Asimov's Science Fiction

March 2007

Cover image

Editor: Sheila Williams
Issue: Volume 31, No. 3
ISSN: 1065-2698
Pages: 144

I fear I'm not enough of a fan of Brian Stableford's alternate past scientific adventures to appreciate the long novella that occupies much of this issue, but thankfully several of the other stories this month were first-rate. The non-fiction was also good. Silverberg's retrospective on Jack Williamson was worth reading and James Patrick Kelly continued an informative tour of SF web sites. Williams's editorial memories of a very passing aquaintance with James Tiptree, Jr. failed to hold my interest but the letter reprinted there made the editorial. The miss was Paul Di Filippo's book column, in which a survey of small press productions mostly failed to discuss anything I found interesting.

"Breeze from the Stars" by Mary Rosenblum: I'm starting to think I should pick up one of Rosenblum's novels, since I've liked every short story of hers I've read. This is my favorite to date, telling the story of a graduate of space interceptor pilot training who is assigned to dispatch instead. The huge disappointment turns into exhaustion and bafflement and then into a very different reaction as dispatch turns out to be a far different experience than he could have imagined. Rosenblum has a deft touch with character and does an excellent job of describing emotional reactions. Probably the best story of the issue. (8)

"The Lion" by Bruce McAllister: A short piece about the legend of a lion who fought in the streets of Paris in 1792, here McAllister turns invented history with a slight fantastic twist into a meditation on duty, calling, bravery, and war. He takes a light touch with morals or conclusions, but I liked the way he handled questions of the worth of bravery when put into a larger context. Nicely done. (7)

"Public Safety" by Matthew Johnson: Most of this piece is devoted to setting the scene of a world in which the French Revolution never fell, where the renamings of months and the metric system of time are established and normal, and where New Orleans is patrolled by a half-black detective with an intuitive leap for deduction. I had a hard time getting into the scene even with some mild familiarity with the odd naming conventions and scientific beliefs of the French Revolution, and then found the barb at the end of the plot unsatisfying. This is one of those stories that I come away from thinking it means more to people with more prior familiarity with the background. Still, I found myself rooting for the protagonist by the end of the story. (6)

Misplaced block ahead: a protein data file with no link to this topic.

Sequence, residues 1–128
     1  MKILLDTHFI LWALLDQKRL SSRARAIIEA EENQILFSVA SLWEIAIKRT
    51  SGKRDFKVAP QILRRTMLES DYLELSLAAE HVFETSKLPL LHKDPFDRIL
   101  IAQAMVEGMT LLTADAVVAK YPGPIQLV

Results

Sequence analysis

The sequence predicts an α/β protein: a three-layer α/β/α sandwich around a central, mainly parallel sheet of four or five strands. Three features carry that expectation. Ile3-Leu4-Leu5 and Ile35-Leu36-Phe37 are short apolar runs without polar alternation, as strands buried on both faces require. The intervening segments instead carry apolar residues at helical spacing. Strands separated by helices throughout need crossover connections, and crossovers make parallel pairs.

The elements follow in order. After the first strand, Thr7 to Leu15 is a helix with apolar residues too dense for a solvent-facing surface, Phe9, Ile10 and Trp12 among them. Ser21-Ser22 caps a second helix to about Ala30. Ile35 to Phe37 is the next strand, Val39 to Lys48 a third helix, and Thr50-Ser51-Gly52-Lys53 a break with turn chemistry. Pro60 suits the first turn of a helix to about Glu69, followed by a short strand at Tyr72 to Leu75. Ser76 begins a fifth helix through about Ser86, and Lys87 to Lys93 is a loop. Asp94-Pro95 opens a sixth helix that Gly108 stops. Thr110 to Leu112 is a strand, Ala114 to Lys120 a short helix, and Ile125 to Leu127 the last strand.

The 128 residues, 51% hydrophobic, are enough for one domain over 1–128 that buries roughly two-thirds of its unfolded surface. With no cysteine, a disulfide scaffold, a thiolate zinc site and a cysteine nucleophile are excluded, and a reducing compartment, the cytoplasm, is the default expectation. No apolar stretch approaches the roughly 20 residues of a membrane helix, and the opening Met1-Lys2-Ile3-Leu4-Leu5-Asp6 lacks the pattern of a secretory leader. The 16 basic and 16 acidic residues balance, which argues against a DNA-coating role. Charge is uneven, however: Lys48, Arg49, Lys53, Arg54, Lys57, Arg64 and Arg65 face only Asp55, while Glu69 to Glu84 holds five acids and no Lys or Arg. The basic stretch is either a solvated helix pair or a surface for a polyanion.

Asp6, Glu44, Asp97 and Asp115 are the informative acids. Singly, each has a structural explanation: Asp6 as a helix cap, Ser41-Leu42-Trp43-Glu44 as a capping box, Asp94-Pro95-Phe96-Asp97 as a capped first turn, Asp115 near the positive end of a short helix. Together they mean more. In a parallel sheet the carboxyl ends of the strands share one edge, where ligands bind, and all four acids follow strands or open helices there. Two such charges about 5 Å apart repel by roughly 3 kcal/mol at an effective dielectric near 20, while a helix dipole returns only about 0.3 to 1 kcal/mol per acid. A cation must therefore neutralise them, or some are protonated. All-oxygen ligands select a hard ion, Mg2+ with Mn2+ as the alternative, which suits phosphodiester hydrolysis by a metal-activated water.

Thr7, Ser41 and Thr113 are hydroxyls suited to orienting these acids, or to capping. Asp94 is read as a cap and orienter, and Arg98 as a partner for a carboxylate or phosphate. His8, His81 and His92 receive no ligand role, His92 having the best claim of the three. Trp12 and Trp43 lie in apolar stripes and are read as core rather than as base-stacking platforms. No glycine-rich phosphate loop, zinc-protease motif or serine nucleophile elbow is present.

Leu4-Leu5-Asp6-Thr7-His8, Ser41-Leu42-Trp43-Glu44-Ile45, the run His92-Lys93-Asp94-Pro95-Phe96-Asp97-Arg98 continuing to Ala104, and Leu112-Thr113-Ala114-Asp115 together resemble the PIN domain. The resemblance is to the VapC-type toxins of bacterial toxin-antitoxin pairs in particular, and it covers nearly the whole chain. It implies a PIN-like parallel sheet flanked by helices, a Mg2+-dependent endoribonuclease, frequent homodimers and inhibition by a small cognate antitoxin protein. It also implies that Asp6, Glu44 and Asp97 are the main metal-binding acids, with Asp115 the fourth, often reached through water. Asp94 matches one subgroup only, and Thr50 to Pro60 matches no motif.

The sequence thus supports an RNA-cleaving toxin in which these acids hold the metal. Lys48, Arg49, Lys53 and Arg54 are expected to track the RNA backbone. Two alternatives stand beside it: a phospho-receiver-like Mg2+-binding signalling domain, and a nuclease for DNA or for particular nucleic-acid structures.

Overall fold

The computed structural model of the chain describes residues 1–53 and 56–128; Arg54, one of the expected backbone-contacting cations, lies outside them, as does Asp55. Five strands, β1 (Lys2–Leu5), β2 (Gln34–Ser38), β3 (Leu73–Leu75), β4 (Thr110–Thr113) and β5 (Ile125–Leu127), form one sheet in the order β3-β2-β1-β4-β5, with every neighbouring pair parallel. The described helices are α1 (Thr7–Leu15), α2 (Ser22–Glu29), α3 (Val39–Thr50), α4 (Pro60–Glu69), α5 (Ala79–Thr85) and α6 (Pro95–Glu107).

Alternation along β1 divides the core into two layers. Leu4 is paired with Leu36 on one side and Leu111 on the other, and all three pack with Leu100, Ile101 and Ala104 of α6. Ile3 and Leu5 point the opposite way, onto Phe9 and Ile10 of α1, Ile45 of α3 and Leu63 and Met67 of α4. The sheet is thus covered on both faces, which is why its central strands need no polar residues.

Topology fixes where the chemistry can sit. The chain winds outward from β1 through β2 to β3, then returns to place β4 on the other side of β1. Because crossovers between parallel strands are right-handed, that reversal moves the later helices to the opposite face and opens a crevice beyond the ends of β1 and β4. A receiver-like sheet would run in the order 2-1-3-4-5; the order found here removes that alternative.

"The Sanguine" by Jim Grimsley: This story has the best character development of anything I've read from Grimsley. In a somewhat battered (but recovering) future, the protagonist is a sanguine, a memory editor who suppresses knowledge of past atrocities so that people can build new lives and leave the time of the troubles behind them. The premise seemed a touch iffy from a social standpoint, but the story is less about the premise and more about the tangled things one loses with one's memories and the difficulty of dealing with things that hurt too much to think about. It reaches no firm conclusion, being more a study of emotion and reaction. I thought Grimsley made the morality and justification of the technology nicely ambiguous and arguable. (6)

"Babel 3000" by Colin P. Davies: A very slight story about time travel (of sorts) used to nab forgotten words from the past as part of a high-class social game. I think there was a point here that I missed. I know I completely missed the ending payoff. Possibly more enjoyable to someone who got it. (4)

"Chainsaw on Hand" by Deborah Coates: This story could easily live in a mainstream collection; the SFnal bit may be purely in the mind of one of the characters and exists to set up a story about belief, truth, and their interaction with love. The scene-setting (South Dakota in the winter) is the strongest part of the story. It fits the emotions and sets up a strong, affecting conclusion. A very solid character story, even if I never saw in the guy what the first-person protagonist does. (7)

"Doctor Muffet's Island" by Brian Stableford: This is the aforementioned long novella, starring Sir Francis Drake in an alternate past where Jane sits on the throne of England and Earth is menaced (possibly) by a galaxy of advanced insectoid life. This is a direct sequel to "The Plurality of Worlds" and written in much the same tone, so I can comfortably say that if you liked that story, you'll like this one as well (although arachnophobes will want to give this story a miss). It's full of mannerly high adventure and strange encounters with monsterous creatures, and I think the best way to review it is that it's very well-written and enjoyable if you like that sort of thing. Which I mostly don't. (5)

Rating: 6 out of 10

Reviewed: 2007-04-25

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